If you have been waiting around to start using LinkedIn Publishing because you didn’t know where to start, here are tips to get you started and help you make the most out of your Publishing Content.
LinkedIn Publishing puts your content in front of more people than ever. As a result, it has the ability to build out an already strong profile and take it to the pro level.
If done well, this feature will help you:
The question you should ask is if your own blog is getting more traffic than the LinkedIn audience that you have access to.
Especially if you are just getting started, then the chances are pretty good that you will get more exposure and eyes on your content if you publish it on LinkedIn.
It also will be more likely that people will interact with your content when they are on LinkedIn, rather than clicking a link to an outside website and then commenting or sharing.
That being said, there is nothing that says that you can’t publish your content on both LinkedIn Publishing and your own blog or website.
If SEO is one of your major strategies, then you may want to get some background about duplicate content as it relates to LinkedIn Publishing first.
The bottom line is that for most people, the benefits of building strong content on LinkedIn outweighs the down sides.
Ready to start building content, authority, credibility, and connections? Then let’s walk through each of the parts of your post in order to create successful content.
From your LinkedIn Home page click “Write an article” and then you can start your post. (How easy is that first step?)
Like any other piece of long form content, the single most important thing is the headline. People will decide based on the headline whether or not it is worth clicking to read more. Make sure that the headline is clear, concise, and makes people curious.
You want to address a key concern of your ideal client so that it gets their attention right away.
Don’t be afraid to spend time crafting a great headline. Brainstorm several different versions and then pick the best one. Some writers find it easier to write the content first, and then create a headline that fits. This is fine too. Either way, the primary thing is to make sure that your headline connects with your audience.
Once you have your headline, you will want to create a graphic version of the headline. This will show up on the top of the article itself, and as a thumbnail on your profile and in the other places it shows up on LinkedIn.
Ideal image size is 700px wide by 400px high. When you upload it, it may seem like this leaves a lot of white space. But remember that people will primarily see your image as a thumbnail, or on a mobile device.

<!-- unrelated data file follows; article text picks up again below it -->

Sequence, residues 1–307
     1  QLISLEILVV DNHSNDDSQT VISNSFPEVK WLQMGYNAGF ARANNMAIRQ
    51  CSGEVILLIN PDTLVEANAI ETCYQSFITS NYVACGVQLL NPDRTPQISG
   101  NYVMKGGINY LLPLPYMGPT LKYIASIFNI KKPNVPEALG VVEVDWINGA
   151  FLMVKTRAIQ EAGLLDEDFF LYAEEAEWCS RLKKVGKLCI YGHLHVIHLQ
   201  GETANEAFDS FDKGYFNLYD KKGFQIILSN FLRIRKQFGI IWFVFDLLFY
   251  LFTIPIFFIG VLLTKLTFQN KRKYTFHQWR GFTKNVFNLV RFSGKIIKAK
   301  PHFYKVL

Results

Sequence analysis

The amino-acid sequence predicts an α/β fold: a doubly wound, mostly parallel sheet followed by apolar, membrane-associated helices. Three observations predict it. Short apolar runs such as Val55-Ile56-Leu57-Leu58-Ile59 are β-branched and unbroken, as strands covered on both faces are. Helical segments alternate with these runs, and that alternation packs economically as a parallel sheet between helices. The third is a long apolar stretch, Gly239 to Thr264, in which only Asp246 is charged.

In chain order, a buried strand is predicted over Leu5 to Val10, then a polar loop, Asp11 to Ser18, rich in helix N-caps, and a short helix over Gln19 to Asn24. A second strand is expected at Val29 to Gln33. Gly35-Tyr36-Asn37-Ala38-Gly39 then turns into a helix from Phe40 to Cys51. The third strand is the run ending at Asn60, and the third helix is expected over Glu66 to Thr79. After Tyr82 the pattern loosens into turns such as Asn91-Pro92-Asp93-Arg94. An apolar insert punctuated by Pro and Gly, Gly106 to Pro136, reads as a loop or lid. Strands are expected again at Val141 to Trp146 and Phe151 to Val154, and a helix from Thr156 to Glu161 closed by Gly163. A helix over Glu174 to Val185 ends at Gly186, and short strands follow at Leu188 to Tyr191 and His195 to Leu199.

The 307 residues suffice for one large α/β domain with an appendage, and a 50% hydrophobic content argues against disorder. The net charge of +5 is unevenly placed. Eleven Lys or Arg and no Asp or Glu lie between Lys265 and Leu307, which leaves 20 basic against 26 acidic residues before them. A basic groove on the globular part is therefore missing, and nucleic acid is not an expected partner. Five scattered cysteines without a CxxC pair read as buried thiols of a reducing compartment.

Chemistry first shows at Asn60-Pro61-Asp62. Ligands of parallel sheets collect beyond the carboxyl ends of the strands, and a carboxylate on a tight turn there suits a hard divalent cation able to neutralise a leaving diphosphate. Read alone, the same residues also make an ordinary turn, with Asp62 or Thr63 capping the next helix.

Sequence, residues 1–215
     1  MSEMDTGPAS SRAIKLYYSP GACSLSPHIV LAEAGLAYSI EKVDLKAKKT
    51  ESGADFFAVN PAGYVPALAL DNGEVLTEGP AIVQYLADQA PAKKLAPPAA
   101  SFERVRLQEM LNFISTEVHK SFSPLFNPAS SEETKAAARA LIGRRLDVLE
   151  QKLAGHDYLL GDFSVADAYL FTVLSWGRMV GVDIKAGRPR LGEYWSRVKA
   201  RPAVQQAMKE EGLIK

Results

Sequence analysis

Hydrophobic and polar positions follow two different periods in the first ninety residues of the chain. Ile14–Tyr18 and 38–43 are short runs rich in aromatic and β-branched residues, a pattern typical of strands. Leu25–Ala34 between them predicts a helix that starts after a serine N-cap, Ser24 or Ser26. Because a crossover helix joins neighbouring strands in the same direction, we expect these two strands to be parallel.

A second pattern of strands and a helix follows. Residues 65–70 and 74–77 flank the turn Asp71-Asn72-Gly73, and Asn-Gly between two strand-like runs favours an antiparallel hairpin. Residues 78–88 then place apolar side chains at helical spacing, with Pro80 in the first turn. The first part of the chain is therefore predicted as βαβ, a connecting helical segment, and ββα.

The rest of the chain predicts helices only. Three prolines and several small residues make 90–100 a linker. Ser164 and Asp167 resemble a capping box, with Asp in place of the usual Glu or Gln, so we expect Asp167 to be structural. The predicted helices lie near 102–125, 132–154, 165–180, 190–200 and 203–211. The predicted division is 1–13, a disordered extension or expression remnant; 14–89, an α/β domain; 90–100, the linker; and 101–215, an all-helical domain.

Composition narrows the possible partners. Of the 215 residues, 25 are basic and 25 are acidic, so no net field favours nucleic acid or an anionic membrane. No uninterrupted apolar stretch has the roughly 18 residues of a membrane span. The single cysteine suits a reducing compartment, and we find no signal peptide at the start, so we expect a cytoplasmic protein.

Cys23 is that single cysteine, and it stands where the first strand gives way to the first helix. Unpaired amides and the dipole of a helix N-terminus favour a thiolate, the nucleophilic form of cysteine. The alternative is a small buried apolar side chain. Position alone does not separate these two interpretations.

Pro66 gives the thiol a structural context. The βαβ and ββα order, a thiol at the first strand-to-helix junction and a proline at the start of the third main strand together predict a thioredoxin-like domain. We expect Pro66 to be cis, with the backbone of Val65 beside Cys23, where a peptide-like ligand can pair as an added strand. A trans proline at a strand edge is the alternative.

Beyond the dimensions, some other important things to keep in mind about your image:
Using a tool like Canva can make this process easier for the non-designer. It even has a template for LinkedIn Publishing header images.
Put yourself in the mind of your ideal client.
Being able to write well helps here. But even the best writer will lose their readers without proper web formatting. Utilize the headings to create guideposts along the way to keep people reading, and break down lists of information into bullet points.
Even among those actively using LinkedIn Publishing, one of the most underused features is the ability to add many types of media to your content. Adding appropriate videos, images, and other content will take your posts from good to amazing. Good visuals are often shareworthy, boosting engagement and reach.
There are five different media options, and they may offer more than you realize, so are worth highlighting individually.
It is worth noting that not all sources will be displayed equally. Slideshare, as one of LinkedIn’s companies, shows up the best, displaying the whole slideshow presentation, and allowing you to click through the slides directly in the post. This would be the ideal if you want to make the slides an integral part of your post.
When I used a Google Presentations link, it displayed a portion of the slide, and when you clicked you went to the link, but did not allow you to navigate from within the post. You will want to experiment with the look if you are using something else, and may want to consider importing your slides into Slideshare for the best view.
Take a look below at the difference in how it shows up. Here is the Slideshare version:
And here is the Google Presentation version:
The more interaction you get on your post, the more potential reach it has. Maximize this by always finishing your post with a call to action.
It can be as simple as asking people to comment with what they think about the topic, or you could even include a link to an opt-in page with more information that you can email them. It is important that you deliver real value in the body of the post before doing this. Whatever your call action is, it should align with your bigger goals in your business.
The last step is to hit “Publish” on your completed post. Share the post on your timeline, and make sure you watch the post to respond to comments and other interactions.
Adding LinkedIn Publishing to a regular schedule of content creation is one of the best ways to use LinkedIn to grow your business.
Are you using LinkedIn Publish yet? Let us know about your experience in the comments!